Memos to papers to books

In recent years I’ve settled into the habit of writing numbered research memos. A typical one might be four pages long and include half a dozen computational experiments and plots along with theorems and references. The time scale of a memo is a matter of days, so they are excellent for day-to-day motivation, unlike papers (months) and books (years). These mathematical memos are the main way I communicate during an ongoing project with my coauthors and my increasingly forgetful self.

The current series, on rational functions, is up to Rat124, and 8 journal articles have come out of these. That’s 15 memos per paper. One level up in this verbal food chain, I note that all together in my career, I have published around 140 papers and 7 books. That’s 20 papers per book.

So my career to date has the heft of around 2100 memos. Actually, I wasn’t always so memo-happy; the true number is more like 400 — plus a few hundred Chebfun Examples, which are psychologically similar.

[27 July 2020]

Playing the academic game

Academic papers keep getting longer, to the point where these days, we rarely read a paper as opposed to leafing through it for highlights. Here’s an extreme example that has caught my eye today. There’s a trio of numerical analysts who have published 39 papers together since 2003, with these statistics at Google Scholar:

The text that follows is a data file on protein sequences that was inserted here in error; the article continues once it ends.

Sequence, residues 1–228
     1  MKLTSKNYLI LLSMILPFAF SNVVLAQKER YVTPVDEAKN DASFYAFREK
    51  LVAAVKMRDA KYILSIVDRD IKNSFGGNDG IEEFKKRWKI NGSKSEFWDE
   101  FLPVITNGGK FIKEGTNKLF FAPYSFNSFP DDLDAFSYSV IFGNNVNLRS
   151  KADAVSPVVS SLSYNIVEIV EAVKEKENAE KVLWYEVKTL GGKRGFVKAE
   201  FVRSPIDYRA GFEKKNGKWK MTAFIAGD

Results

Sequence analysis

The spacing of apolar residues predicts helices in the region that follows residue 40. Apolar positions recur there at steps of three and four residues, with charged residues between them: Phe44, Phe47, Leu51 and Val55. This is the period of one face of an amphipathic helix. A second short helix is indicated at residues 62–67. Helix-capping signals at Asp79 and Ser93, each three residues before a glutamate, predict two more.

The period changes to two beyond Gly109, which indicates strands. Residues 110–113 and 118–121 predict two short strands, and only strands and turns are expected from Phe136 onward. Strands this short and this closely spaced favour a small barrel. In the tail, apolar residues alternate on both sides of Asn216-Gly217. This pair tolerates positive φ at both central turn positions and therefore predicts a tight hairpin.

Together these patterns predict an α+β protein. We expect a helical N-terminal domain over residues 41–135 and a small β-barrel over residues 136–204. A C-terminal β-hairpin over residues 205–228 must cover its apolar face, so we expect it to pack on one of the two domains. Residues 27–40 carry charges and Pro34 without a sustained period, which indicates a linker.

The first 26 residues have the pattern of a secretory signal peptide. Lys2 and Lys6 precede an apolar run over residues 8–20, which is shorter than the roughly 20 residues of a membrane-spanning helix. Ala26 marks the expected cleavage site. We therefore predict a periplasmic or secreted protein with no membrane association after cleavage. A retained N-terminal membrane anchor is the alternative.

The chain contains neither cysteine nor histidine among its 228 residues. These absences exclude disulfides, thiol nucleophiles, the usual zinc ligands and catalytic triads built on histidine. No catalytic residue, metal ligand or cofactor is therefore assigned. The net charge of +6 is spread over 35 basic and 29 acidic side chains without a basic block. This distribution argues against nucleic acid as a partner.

Average number of pages: 40.9,   Total pages: 1594.
Average number of citations: 27.8,   Total citations: 1084.

These are good people employed at good universities, and the papers are in the top journals. Yet I regard these numbers with horror. In my career, I’ve published five papers longer than 30 pages. These guys have 29 of them! When I look at the latest, with its 278 lines of displayed equations, my eyes glaze over.

I am certain that the mountain of long technical papers out there is bad for communication. The disturbing question is, is it good for careers? I hope no, but I fear yes. I have tried to push back against the trend in conversations with colleagues, as a referee and journal editor, in a letter printed in SIAM News, and indeed as SIAM President, but I don’t recall encountering anybody who agrees with me that this is something we should be exercised about.

[27 July 2020]